Conflicted sentiments: Analysing Budget 2022-23 trends

tl;dr

Budget 2022-23 evokes conflicted sentiments. On the bright side, it contains a markedly appreciable allocation to National Digital Health Mission (NDHM) and BSNL, as well as provisions for utilising 5% of the Universal Service Obligation General Fund (USOF) to promote R&D and commercialization of technologies and solutions. Unfortunately, allocations towards PMGDISHA remain low, while concerns remain that significant capital expenditure may not take place.

A Broad Picture

Union Budget for Financial Year 2022-23 has cumulatively allotted Rs. 1,02,942.57 crores to the National Digital Health Mission (NDHM), the Ministry of Electronics and Information Technology (MeitY), the Ministry of Information and Broadcasting (MIB), and the Department of Telecommunications (DoT):

  • For the MIB, allocation in Budget Estimates 2022-2023 (Rs. 3,980.77 crores) saw an increase of 5.7% as compared to the Revised Estimates of 2021-22 (Rs. 3,764.69 crores).
  • For the DoT, allocation in Budget Estimates 2022-2023 (Rs. 84,586.8 crores) saw an increase of 137.9% as compared to the Revised Estimates of 2021-22 (Rs. 35,550.21 crores).
  • For the MeitY, allocation in Budget Estimates 2022-2023 (Rs. 14,300 crores) saw an increase of 49.2% as compared to the Revised Estimates of 2021-22 (Rs. 9,581.25 crores).
  • An enormous 825% increase in total capital expenditure of DoT, MeitY and MIB (Rs. 54,564.07 crores) over the Revised Estimates of 2021-22 (Rs. 5,898.27 crores) can be observed, stemming largely from a 889.9% increase in the DoT. However, praise for these allotments must be tinged with a hint of caution as a major proportion of the increase (Rs. 44,720 crores) is being directed only towards BSNL.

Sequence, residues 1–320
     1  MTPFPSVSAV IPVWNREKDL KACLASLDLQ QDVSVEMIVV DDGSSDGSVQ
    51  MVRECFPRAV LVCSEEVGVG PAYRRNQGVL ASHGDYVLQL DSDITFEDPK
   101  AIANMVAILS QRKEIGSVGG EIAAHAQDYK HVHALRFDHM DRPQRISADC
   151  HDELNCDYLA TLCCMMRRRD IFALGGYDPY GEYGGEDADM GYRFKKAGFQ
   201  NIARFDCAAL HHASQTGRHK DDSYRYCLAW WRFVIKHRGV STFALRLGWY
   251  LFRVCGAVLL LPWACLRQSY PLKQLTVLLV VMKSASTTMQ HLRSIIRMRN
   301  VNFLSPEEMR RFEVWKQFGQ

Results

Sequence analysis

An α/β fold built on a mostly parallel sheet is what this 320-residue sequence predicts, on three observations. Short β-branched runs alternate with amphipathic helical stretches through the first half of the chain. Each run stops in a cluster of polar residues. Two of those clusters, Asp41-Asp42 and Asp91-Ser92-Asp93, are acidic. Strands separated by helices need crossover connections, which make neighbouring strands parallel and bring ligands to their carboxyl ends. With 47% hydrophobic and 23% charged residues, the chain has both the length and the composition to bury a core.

The Department of Telecommunications

The allocation in Budget Estimates 2022-2023, net of receipts and recoveries, for the DoT is Rs. 84,586.80 crores. This is a 138% increase over the 2021-22 Revised Estimates that was pegged at Rs. 35,550.2 crores. The increased allocation, however, needs to be assessed with caution since it’s not equitably distributed towards all schemes/ projects, and innovation and research.

Item (Rs. cr)

Actual 2020-2021

Budget 2021-2022

Revised 2021-2022

Budget 2022-2023

Total-Establishment Expenditure of the Centre

15815.7

16372.5

17509.7

20206.5

Total - Universal Services Obligation Fund

7200

9000

8300